As Baker has long argued, this is a losing formula for those who actually care about economic justice. By taking the market at face value, albeit grudgingly, progressives buy into economic conservatives’ frame. This allows neoliberals to claim that any attempts to mitigate the effects of inequality penalize enterprising winners and reward losers – and we all know that Americans hate losers.

Therefore, even though I’m generally suspicious of the business community and support a large government role in the economy, Baker makes a convincing case that the market can be used in progressive ways to benefit “losers.” By reforming intellectual property laws and forcing high-earning professionals to join the rest of us in the wonderful world of global competition, society stands to save hundreds of billions annually. These savings would reverse some of the effects of debt deflation, and help stimulate some real demand in the economy.

Even better, this approach can resonate with the majority of Americans. While most Americans – especially white Americans – support capitalism, they are nevertheless rankled by what they correctly see as a rigged game. Courtesy of Dean Baker and his myriad proposals, we can reform the game – one in which the refs aren’t on the take. Similar to tackling the FIRE economy, we only lack the political will to do what is necessary.

 

Disclaimer: Before anyone reads this post and concludes that I’ve transformed into some ardent open borders supporter and globalist in 2017, nothing could be further from the truth. Just to be crystal clear, my views on immigration have not fundamentally changed.

However, the fact of the matter is that most immigrants are cheap and low-skilled. Consequently, while many regular American workers have borne the brunt of globalization – which, to be clear, entails a lot more than immigration – their affluent counterparts have remained mostly unscathed.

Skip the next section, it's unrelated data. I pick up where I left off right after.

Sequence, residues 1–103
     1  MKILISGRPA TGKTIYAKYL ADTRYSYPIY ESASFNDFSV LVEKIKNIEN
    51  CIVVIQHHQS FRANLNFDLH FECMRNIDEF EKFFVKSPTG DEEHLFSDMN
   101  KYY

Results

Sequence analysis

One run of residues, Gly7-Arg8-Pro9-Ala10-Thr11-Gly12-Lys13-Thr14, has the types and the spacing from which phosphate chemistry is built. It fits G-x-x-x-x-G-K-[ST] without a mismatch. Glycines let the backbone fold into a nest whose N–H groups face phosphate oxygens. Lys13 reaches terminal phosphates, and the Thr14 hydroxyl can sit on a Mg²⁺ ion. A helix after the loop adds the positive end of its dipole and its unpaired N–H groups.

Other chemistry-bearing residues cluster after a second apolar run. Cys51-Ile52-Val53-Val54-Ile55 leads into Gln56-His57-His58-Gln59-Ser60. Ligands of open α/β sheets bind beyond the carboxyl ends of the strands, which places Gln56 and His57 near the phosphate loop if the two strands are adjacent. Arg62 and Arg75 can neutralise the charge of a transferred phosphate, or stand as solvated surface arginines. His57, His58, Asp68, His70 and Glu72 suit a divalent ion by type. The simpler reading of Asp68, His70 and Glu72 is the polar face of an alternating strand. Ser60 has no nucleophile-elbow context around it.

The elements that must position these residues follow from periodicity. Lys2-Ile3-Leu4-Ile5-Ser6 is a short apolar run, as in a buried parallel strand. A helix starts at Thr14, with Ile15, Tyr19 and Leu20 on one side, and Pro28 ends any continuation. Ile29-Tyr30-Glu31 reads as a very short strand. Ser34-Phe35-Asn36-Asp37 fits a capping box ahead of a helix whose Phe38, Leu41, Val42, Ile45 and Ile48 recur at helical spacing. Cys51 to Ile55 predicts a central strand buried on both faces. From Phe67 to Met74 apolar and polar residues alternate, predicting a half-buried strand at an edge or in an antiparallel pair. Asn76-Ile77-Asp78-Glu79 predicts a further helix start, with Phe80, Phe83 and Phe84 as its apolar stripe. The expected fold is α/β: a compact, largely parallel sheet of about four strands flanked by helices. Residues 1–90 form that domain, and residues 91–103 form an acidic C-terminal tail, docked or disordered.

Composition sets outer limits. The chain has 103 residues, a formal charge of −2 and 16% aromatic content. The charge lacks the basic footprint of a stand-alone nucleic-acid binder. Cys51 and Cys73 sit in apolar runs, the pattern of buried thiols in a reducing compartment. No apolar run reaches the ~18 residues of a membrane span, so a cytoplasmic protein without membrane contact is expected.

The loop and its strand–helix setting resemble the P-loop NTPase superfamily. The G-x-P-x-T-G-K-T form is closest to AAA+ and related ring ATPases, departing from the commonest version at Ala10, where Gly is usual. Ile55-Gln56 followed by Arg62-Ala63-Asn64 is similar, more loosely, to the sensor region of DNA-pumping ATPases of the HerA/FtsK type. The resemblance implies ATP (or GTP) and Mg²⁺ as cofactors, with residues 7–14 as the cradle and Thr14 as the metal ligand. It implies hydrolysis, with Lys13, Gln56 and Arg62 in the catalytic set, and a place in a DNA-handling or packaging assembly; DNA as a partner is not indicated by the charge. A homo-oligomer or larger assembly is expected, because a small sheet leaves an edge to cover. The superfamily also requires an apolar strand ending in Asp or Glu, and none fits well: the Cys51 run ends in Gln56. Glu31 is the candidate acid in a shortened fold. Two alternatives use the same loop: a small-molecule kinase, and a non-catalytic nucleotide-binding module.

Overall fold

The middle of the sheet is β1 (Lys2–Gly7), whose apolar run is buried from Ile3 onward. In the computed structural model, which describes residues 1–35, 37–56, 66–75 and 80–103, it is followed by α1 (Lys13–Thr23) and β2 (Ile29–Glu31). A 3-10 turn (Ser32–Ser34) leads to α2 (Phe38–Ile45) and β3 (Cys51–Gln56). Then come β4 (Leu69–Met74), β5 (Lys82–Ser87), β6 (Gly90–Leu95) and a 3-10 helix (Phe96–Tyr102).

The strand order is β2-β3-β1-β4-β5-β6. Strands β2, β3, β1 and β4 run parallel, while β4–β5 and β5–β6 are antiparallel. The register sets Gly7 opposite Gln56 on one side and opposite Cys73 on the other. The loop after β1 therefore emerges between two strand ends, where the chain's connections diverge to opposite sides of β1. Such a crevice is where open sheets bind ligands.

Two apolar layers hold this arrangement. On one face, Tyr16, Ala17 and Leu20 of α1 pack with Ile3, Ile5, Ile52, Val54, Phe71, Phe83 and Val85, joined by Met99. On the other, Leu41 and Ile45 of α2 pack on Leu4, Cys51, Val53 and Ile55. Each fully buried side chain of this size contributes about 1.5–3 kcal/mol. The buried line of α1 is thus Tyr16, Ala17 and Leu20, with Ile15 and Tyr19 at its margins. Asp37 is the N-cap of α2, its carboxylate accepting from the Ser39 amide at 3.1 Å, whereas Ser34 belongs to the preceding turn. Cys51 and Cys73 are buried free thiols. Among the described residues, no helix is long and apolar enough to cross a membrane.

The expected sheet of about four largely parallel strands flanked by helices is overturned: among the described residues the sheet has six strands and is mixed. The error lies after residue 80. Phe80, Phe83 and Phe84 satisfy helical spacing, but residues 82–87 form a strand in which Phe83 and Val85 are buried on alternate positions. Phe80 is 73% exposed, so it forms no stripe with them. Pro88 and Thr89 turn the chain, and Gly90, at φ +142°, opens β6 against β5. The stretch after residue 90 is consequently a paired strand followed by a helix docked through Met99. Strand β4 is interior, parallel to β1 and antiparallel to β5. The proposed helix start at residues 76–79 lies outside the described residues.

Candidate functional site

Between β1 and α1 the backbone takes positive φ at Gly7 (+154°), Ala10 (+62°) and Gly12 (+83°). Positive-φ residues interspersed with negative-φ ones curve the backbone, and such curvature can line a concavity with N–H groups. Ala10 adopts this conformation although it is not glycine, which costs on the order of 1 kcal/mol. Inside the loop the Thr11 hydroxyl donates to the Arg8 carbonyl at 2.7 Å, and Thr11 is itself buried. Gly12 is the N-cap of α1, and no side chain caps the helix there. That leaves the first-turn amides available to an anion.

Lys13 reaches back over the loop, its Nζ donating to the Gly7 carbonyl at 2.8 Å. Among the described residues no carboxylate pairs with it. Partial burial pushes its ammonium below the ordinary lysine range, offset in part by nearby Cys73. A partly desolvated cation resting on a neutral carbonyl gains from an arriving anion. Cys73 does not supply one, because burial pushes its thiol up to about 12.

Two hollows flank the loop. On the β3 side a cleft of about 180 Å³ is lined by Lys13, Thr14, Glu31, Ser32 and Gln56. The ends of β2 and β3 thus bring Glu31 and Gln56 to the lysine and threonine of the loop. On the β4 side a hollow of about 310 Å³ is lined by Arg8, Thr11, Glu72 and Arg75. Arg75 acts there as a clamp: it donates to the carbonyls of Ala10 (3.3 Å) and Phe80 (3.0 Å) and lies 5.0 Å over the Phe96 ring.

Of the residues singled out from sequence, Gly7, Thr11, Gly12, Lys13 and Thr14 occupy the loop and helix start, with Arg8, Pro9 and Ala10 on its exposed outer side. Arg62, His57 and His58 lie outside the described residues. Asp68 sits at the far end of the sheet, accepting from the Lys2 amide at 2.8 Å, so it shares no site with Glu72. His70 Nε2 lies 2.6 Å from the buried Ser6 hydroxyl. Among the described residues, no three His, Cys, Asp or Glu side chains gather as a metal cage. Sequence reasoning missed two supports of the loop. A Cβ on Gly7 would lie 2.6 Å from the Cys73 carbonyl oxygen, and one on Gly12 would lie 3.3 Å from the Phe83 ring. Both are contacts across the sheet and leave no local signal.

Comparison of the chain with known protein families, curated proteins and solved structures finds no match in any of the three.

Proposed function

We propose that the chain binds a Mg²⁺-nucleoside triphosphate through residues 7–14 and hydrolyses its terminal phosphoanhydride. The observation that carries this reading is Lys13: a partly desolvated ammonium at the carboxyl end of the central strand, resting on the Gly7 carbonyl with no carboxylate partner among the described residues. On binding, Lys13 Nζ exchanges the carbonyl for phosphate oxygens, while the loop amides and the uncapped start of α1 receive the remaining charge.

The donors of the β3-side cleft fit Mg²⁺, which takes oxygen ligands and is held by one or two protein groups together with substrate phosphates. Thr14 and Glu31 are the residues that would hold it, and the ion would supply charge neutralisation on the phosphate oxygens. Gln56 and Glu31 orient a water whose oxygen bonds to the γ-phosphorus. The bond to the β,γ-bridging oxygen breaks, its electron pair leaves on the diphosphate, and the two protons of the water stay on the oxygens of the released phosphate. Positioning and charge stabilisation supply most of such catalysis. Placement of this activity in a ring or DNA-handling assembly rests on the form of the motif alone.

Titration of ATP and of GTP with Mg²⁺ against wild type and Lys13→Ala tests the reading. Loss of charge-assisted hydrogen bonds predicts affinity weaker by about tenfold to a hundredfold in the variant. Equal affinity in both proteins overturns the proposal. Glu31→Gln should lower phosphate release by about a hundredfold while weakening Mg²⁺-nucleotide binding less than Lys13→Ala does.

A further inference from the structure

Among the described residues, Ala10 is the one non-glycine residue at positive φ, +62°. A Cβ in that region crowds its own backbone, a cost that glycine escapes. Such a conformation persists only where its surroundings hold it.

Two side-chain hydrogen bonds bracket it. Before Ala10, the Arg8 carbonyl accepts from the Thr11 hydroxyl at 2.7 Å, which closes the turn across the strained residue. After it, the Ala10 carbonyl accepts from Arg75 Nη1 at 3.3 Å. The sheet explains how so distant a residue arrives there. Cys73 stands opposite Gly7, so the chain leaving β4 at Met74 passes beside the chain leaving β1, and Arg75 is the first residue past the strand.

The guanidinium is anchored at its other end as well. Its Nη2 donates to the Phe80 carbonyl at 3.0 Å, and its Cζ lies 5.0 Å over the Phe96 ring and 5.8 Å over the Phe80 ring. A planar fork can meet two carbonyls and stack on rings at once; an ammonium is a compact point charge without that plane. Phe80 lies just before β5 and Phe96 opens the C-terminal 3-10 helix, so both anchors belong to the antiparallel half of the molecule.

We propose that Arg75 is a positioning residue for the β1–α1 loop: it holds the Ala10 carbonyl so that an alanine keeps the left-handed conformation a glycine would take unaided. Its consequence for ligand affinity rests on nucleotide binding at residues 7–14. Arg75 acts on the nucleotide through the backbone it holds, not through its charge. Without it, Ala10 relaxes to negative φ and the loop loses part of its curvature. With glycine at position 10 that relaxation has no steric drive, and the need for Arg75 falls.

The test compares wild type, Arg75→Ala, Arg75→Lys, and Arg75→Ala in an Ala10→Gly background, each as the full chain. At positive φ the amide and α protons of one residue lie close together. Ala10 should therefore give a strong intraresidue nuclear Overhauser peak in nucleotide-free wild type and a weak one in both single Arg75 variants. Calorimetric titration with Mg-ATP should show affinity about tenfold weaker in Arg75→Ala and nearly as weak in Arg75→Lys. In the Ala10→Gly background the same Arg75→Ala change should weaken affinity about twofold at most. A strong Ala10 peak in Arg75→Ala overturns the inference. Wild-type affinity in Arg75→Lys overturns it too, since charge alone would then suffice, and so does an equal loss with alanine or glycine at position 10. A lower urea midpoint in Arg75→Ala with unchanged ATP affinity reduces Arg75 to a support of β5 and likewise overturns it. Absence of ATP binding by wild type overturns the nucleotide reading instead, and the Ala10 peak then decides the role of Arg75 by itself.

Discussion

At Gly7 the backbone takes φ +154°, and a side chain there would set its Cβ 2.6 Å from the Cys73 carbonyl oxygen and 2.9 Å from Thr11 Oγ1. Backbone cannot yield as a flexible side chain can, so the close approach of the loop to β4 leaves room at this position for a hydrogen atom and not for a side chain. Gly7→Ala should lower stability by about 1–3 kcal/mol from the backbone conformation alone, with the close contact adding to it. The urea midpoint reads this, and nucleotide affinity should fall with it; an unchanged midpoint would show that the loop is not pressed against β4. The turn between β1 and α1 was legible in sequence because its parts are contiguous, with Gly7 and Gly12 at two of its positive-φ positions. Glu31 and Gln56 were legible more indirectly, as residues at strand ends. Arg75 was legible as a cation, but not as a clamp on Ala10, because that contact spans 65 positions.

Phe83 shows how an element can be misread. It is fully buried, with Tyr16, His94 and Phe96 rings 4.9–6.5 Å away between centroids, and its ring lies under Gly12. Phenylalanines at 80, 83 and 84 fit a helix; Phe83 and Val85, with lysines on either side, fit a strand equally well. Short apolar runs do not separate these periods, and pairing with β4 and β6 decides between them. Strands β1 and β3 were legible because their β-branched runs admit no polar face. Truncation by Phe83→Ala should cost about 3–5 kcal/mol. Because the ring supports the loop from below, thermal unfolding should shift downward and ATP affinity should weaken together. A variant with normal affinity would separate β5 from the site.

One of my goals is to makes these elites share some of this economic pain. Forcing affluent professionals to endure globalization’s deleterious effects could play a big part in engendering the political will necessary to effectively challenge neoliberalism as a whole. As Baker has argued in some of his previous books, if the 1% were the only class thriving in today’s economy, there would be virtually no support for our current system. However, between the 1% and supposed 99% resides a class of comfortable professionals who by and large embrace our meritocratic status quo; if they can make it, why can’t you?

By making things uncomfortable for these smug strivers, they would have fewer reasons to buy into the current paradigm, and might actually develop some empathy for regular working people. Then, with a real 99% polarized against the 1%, we may just see some real unrest and demands for change.

What do you think?

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3 Responses to Review: Rigged by Dean Baker

  1. Oscar says:

    Excellent review, BAG! If only these kind of books were more widely read in America, especially in flyover country. I particularly liked your final observation about the “class of comfortable professionals who by and large embrace our meritocratic status quo”, they are undoubtedly one of the driving forces behind the GOP strength. They might grasp how unfair the system is since they are smart, but they see voting for Republicans in their interest, a sort of “I have got mine, buddy!”. From a European perspective it has always amazed me how a run-of-the-mill dentist could make six figures in America, but now I understand it better. There is always an explanation.

  2. Bay Area Guy says:

    Thanks for kind words! It’s always nice when someone leaves an insightful comment on one of my economics posts.

    they are undoubtedly one of the driving forces behind the GOP strength.

    Not just the GOP, but the neoliberal, corporatized wing of the Democratic Party. You’ll find a lot of affluent professionals in the Bay Area who are socially liberal, but who are nevertheless very cutthroat and socially darwinistic on economic matters.

    They’ll support gay marriage, denounce open bigotry, and check all of the right liberal boxes; but by and large, they’re comfortable with the status quo, and are not interested in fundamentally overhauling our current political economy (even if they recognize some of the unfairness).

  3. Pingback: Robert Stark interviews Bay Area Guy about our Rigged Economic System - The Stark Truth With Robert Stark